Interviewed on Radio Bristol
My most recent novel, Lord of the Mountain, takes place in Bristol, Tennessee-Virginia, where the “big bang” of country music took place in 1927. When I traveled there to research my story, I spent hours at the Bristol Public Library and at the Birthplace of Country Music Museum (an affiliate of the Smithsonian Institution). At the museum I dug through wonderful documents and displays about the Bristol Sessions, where the Carter Family, Jimmie Rodgers, Ernest Stoneman, and other mothers and fathers of country music sang their songs for recording executive Ralph Peer of the Victor Talking Machine Company.
Recently I was honored to be interviewed live on Radio Bristol, a joint Internet service of the library and museum, when my book was selected and read for the March 2020 meeting of the Radio Bristol Book Club. A brief excerpt of the interview is included below, along with a link to the entire interview.
Welcome, Ron. Our readers seem to have loved this book and the way you were able to capture so much of the feeling of the era. Talk about your initial inspiration for writing this book.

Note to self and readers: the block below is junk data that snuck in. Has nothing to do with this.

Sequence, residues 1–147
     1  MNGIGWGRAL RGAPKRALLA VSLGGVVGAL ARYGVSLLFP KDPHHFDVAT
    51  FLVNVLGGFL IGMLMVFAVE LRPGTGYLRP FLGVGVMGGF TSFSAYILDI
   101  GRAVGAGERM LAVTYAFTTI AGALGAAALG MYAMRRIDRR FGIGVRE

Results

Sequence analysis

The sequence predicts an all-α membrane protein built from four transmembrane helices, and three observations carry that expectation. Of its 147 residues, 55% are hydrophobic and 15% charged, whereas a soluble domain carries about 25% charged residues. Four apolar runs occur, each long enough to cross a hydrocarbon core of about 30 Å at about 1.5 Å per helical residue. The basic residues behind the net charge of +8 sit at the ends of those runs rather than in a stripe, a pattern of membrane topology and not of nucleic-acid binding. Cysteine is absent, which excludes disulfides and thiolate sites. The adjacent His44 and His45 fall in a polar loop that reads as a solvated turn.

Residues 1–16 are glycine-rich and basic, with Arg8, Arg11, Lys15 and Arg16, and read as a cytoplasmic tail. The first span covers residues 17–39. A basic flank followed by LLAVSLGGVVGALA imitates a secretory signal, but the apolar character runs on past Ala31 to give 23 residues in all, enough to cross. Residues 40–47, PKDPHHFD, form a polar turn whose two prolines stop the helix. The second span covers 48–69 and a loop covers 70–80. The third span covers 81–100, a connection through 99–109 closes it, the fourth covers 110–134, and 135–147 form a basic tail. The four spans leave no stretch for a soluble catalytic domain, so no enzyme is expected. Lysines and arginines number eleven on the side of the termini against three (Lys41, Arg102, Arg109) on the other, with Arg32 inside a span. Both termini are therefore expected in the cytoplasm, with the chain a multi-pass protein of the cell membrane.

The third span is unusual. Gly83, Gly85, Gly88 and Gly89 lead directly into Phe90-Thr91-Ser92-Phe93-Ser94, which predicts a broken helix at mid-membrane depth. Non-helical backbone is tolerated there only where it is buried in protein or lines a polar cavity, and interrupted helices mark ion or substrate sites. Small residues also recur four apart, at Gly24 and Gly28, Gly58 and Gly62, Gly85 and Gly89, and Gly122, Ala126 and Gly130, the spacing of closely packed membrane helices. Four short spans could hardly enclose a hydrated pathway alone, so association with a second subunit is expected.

My wife and I moved to Nashville a number of years back, and I was never a big country music fan. But as I listened to more and more of the music, I became fascinated by the storytelling side of it and started doing some reading. I read a wonderful book, a biography of the Carter Family, called Will You Miss Me When I’m Gone? The Carter Family and Their Legacy in American Music, by Mark Zwonitzer and Charles Hirshberg. Reading that book, much of which took place in Bristol and the areas around it, I just fell in love with the time and the place and that family and their music. I started imagining what it would have been like for some young person growing up in Bristol to have been in town when the Bristol Sessions took place and, essentially, country music was born.
To hear the rest of the interview, click here and scroll down to “Show Archives.” Select Thursday, March 26, 2020.